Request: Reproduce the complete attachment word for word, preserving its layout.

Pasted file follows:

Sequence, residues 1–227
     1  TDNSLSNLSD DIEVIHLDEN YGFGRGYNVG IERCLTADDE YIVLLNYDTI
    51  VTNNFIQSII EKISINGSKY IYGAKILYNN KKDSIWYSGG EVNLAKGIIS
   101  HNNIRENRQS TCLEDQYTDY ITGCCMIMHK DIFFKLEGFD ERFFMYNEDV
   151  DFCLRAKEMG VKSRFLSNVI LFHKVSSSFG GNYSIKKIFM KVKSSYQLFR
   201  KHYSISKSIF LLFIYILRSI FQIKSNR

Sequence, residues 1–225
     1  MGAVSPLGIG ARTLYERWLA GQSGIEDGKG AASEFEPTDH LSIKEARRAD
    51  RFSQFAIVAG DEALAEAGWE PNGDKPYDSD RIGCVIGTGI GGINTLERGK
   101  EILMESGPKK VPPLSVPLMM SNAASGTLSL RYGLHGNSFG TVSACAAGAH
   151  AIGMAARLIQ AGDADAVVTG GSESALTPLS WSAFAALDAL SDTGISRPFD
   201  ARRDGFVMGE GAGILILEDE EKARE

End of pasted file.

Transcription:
Sequence, residues 1–227
     1  TDNSLSNLSD DIEVIHLDEN YGFGRGYNVG IERCLTADDE YIVLLNYDTI
    51  VTNNFIQSII EKISINGSKY IYGAKILYNN KKDSIWYSGG EVNLAKGIIS
   101  HNNIRENRQS TCLEDQYTDY ITGCCMIMHK DIFFKLEGFD ERFFMYNEDV
   151  DFCLRAKEMG VKSRFLSNVI LFHKVSSSFG GNYSIKKIFM KVKSSYQLFR
   201  KHYSISKSIF LLFIYILRSI FQIKSNR

Sequence, residues 1–225
     1  MGAVSPLGIG ARTLYERWLA GQSGIEDGKG AASEFEPTDH LSIKEARRAD
    51  RFSQFAIVAG DEALAEAGWE PNGDKPYDSD RIGCVIGTGI GGINTLERGK
   101  EILMESGPKK VPPLSVPLMM SNAASGTLSL RYGLHGNSFG TVSACAAGAH
   151  AIGMAARLIQ AGDADAVVTG GSESALTPLS WSAFAALDAL SDTGISRPFD
   201  ARRDGFVMGE GAGILILEDE EKARE